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dc.contributor.authorDewaele, Jean-Marc
dc.date.accessioned2008-08-29T19:04:24Z
dc.date.available2008-08-29T19:04:24Z
dc.date.issued2000
dc.identifier.citationInternational Review of Applied Linguistics, 38(1): 31-47
dc.identifier.issn0019-042X
dc.identifier.urihttp://hdl.handle.net/10315/1446
dc.description.abstractThe utterance is a widely used linguistic unit. It seems, however, to escape every attempt to define it unequivocally. There seems to be a consensus in applied linguistics that a fuzzy combination of syntactic, semantic and prosodic clues are necessary to identify the boundaries of an utterance. Drawing upon our own research in advanced French interlanguage, we present an analysis of the measure "Mean Length of Utterance" (MLU), widely used in studies on first language acquisition and speech disorders and, to a lesser extent, in second language acquisition. MLU is shown to be methodologically unreliable for adult speech. We argue that other measures of utterance length, like the MLU3, are sounder and can help to gain a better understanding of synchronic variation in speech.en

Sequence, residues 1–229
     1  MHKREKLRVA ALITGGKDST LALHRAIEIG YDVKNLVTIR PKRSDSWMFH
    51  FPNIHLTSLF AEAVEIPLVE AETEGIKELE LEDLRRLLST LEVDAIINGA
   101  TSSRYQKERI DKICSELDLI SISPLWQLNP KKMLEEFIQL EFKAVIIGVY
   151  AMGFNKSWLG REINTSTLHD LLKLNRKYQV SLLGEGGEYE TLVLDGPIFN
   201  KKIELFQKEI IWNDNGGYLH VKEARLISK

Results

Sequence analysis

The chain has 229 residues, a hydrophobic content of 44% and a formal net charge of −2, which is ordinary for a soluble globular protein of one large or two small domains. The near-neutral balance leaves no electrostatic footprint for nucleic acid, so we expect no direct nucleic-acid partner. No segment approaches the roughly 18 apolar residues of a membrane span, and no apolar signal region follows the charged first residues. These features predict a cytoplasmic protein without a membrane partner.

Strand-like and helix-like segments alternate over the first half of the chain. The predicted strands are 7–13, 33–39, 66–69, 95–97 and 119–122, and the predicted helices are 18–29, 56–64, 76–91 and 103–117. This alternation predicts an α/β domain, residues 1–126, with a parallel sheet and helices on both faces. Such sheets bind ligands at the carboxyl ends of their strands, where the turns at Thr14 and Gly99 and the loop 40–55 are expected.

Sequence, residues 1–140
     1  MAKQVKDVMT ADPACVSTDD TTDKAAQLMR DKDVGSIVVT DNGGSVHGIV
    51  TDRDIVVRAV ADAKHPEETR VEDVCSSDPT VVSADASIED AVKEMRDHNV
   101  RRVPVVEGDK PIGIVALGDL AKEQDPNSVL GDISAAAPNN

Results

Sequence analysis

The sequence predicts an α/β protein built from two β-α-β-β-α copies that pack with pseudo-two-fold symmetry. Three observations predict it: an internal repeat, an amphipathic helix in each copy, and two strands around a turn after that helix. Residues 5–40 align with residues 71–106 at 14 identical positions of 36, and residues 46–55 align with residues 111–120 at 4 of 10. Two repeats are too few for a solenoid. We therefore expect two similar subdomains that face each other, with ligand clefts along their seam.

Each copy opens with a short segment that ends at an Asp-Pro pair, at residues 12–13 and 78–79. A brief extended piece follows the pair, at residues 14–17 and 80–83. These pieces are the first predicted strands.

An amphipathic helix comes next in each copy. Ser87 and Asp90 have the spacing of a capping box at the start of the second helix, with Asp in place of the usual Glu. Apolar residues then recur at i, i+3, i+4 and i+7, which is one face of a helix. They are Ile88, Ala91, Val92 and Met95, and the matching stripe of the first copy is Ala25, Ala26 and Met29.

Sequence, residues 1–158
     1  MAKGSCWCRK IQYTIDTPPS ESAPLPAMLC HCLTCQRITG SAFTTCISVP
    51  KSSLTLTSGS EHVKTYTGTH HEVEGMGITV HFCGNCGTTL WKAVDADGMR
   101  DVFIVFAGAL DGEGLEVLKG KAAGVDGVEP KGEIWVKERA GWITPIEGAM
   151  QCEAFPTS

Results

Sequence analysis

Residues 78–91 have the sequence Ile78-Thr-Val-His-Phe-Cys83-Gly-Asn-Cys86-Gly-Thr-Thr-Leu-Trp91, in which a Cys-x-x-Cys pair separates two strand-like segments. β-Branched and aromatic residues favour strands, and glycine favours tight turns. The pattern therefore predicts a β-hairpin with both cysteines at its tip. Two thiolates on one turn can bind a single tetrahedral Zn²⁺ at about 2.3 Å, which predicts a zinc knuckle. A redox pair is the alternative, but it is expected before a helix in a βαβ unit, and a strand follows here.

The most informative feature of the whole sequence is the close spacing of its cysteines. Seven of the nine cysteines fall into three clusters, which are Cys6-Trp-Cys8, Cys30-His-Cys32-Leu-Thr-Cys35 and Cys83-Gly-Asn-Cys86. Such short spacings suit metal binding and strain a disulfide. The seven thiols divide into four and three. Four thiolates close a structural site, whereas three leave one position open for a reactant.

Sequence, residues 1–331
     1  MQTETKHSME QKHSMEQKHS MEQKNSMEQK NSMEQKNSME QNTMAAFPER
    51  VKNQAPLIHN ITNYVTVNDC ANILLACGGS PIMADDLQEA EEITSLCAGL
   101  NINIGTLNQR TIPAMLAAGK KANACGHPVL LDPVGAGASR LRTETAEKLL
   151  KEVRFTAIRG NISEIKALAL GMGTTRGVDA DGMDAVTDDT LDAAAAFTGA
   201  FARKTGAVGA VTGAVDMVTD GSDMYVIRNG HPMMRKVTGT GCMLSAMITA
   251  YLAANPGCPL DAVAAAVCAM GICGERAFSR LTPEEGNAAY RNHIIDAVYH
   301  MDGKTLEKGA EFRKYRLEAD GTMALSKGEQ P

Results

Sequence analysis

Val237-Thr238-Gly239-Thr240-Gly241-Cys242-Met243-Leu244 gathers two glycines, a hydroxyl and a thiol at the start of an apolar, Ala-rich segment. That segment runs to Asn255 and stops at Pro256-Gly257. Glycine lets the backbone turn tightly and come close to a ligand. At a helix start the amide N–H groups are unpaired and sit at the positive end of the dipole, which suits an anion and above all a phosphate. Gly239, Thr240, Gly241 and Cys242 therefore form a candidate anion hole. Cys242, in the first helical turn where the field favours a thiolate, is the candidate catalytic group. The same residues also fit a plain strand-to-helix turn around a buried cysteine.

dc.language.isofr
dc.publisherMouton Publishers
dc.subjectSecond language acquisition
dc.subjectMLU Index
dc.subjectFirst Language Acquisition
dc.subjectMean Length of Utterance
dc.subjectSecond Language Learning Index
dc.titleSaisir l'insaisissable ? Les mesures de longueur d'énoncés en linguistique appliquée
dc.typeArticle


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